Gary Harvey at 125 Magazine

Gary Harvey was Creative Director for Levi’s until 2005. He has also worked with major industry names and brands such as Terry Richardson, Stephen Klein, ID, 10 Magazine, Comme des Garcons and Vivienne Westwood.
Here is his chat with Models1’s Joe Tootal about designing, styling,and being Fashion Editor of 125 Magazine.

Joe: How was it being one of the creative heads of the worlds largest denim labels?
Gary: It was an amazing time, hard work but great fun!, when I arrived at the brand, nearly all their business was tied up in one Jean, so we designed a new collection and re-launched the brand using Levi’s Vintage styles and concept styles from Levi’s RED and took this new collections to a new younger audience.
For 10 years I got to work with some of the worlds best photographers and advertising directors, Rankin, Stephen Klein, Terry Richardson, Glen Lutchford to name a few, I was casting and styling all the advertising and TV campaigns with more edgy and multi-cultural models and we all had such a laugh working there and learnt so much.

J: Now you are free and freelance can you express yourself a little more?
G: What’s great about being freelance is you can take on so many different projects, that address all your talents, experience, hopes and dreams.
I can do pioneering creative projects like my Eco-Couture collection and Fashion Director at 125 Magazine, I work with the charity Mencap and assess at various Design colleges in the UK. I also work on lots of very commercial projects relaunching and consulting for brands, art directing and casting campaigns. But I still have time to train for triathlons and walk the dog, but the best thing is you don’t have to work with people you don’t like.

Models1’s Betty for 125 Magazine
J: Is there pressure being fashion director of one of the hippest magazines in Town?
G: The only pressure comes when editing out anything/anyone that doesn’t make the grade, there’s five of us that go through everything with a fine tooth comb.
Everywhere we look we are being lured into saving the planet, going green and recycling. Do you think one day we’ll all be wearing re-cycled clothes? Is this the way forward?
It’s one of the ways forward, as resources get scarcer we’ll have to find of new and creative ways of dressing.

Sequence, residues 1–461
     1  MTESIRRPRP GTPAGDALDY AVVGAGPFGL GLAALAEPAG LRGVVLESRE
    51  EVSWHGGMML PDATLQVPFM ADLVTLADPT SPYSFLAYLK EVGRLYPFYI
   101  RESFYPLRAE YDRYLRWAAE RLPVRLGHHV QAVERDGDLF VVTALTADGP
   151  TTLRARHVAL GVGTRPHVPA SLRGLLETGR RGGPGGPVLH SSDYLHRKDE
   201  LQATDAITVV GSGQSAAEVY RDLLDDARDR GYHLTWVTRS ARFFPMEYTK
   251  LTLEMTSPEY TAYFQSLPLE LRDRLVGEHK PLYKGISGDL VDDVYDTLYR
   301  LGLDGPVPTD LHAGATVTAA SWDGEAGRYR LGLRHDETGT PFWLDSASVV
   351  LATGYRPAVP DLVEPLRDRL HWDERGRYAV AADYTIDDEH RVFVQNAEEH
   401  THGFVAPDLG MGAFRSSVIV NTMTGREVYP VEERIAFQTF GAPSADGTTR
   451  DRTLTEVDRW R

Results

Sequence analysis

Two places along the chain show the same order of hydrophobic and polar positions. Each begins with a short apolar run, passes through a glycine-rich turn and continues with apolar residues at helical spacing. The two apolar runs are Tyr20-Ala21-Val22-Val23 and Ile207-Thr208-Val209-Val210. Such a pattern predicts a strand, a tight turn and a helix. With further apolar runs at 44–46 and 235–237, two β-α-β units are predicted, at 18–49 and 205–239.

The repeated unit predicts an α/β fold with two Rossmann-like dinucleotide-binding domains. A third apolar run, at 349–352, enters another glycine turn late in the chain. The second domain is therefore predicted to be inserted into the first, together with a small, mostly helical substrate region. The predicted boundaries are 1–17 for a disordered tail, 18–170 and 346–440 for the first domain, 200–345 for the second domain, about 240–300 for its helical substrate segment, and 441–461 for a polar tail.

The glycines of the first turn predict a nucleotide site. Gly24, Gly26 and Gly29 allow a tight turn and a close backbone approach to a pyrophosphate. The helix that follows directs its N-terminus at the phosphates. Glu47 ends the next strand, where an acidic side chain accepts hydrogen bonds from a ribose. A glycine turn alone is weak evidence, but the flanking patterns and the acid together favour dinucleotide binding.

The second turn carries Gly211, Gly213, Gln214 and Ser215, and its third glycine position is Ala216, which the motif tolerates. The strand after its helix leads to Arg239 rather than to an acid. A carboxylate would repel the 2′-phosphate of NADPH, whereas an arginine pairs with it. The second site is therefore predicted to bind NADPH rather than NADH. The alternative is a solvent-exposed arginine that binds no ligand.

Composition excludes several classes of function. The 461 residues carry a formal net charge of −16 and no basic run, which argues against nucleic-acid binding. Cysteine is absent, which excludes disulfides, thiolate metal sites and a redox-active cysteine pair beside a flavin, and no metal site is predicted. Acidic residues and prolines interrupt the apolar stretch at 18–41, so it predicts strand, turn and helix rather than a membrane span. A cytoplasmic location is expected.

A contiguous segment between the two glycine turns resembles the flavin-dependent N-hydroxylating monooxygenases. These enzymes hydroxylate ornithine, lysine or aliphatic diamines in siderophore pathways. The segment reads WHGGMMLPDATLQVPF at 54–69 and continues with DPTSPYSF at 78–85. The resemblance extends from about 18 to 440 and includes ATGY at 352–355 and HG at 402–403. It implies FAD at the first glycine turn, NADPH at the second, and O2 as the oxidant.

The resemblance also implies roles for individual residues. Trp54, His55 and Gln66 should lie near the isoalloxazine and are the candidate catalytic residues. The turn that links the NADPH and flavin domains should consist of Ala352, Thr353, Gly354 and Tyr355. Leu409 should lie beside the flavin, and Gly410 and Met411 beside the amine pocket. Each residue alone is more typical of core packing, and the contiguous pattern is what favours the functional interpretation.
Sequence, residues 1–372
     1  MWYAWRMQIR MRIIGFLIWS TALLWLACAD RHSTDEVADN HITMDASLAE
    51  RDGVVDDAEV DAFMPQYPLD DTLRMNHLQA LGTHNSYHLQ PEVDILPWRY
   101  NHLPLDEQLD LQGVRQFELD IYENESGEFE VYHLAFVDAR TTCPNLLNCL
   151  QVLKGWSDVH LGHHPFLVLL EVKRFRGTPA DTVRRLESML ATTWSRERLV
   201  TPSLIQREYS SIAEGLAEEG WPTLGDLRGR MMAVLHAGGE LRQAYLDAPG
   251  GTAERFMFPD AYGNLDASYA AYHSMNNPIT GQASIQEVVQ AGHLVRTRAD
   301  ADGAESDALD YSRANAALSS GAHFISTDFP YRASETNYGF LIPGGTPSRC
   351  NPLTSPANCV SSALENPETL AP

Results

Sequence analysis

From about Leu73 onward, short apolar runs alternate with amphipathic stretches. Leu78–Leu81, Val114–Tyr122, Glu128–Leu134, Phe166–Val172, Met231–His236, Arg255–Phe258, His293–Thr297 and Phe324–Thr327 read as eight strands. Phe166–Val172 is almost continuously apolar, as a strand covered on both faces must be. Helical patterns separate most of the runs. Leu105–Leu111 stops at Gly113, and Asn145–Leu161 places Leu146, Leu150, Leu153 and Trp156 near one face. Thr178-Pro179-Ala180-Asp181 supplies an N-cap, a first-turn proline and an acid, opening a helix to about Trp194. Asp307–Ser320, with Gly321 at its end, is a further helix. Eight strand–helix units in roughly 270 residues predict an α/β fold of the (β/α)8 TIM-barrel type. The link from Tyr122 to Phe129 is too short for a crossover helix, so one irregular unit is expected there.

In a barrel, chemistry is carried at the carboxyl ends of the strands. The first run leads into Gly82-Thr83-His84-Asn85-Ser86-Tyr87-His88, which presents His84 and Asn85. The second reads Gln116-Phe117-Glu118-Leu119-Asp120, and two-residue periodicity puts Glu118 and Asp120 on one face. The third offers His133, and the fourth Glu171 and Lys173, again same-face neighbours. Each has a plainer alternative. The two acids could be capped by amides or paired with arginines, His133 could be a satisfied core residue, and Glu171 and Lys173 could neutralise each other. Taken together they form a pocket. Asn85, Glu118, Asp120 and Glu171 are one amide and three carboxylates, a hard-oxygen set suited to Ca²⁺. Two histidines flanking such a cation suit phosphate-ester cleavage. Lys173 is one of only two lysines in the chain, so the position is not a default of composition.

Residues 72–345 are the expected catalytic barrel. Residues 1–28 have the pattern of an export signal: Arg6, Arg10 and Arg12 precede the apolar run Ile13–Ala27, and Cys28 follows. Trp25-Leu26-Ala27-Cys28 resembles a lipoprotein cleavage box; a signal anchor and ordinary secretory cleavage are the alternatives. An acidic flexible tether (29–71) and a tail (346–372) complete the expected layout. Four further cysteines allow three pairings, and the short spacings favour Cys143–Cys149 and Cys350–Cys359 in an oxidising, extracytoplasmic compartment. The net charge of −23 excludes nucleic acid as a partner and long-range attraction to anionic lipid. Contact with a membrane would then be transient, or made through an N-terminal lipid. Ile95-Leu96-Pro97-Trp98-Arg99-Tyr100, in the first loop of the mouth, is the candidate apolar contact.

It’s great to see the amount of vintage clothing being worn/recycled by people who would have previously only bought new labels from the right stores it’s a small step in the right direction and looks more interesting and creative.

J: Who or what inspires your work?
G: Many people, usually people who don’t follow the expected path and find their own creative solutions, Leigh Bowery, Antony Hegarty (Antony and the Johnsons), John Waters, Ghandi, John Galliano and Vivienne Westood.
I love watching children solve problems that haven’t yet been taught the ‘right’ way.

J: Is living in our amazing city an influence? if so tell more!
G: I’m a born and bred Londoner, so London and maybe New York are the only cities that have enough energy, danger, sub-culture and all round wierdness that gets me inspired, i love visiting new countries and taking breaks in the countryside but I always end up yearning for the energy of London.
J: Any ideas on a next collection?
G: A continued evolution of Eco-Couture and the recycled icons.
I hear that as a young fashion design student you were brave enough to walk round your south London neighbourhood in not very much! Can you share?
As a student I lived on an estate in Thamesmead in South East London and was working at Blitz magazine, we were all into the ‘Buffalo’ look in those days which was fine hanging out at clubs in the West End, but cycling up the Old Kent road in a kilt or walking through Woolwich to get the bus in DM’s and white cycle shorts was not a look that was appreciated by most, I thought I looked cool and they were all just jealous, ha ha!

Gary’s favourite “images/things”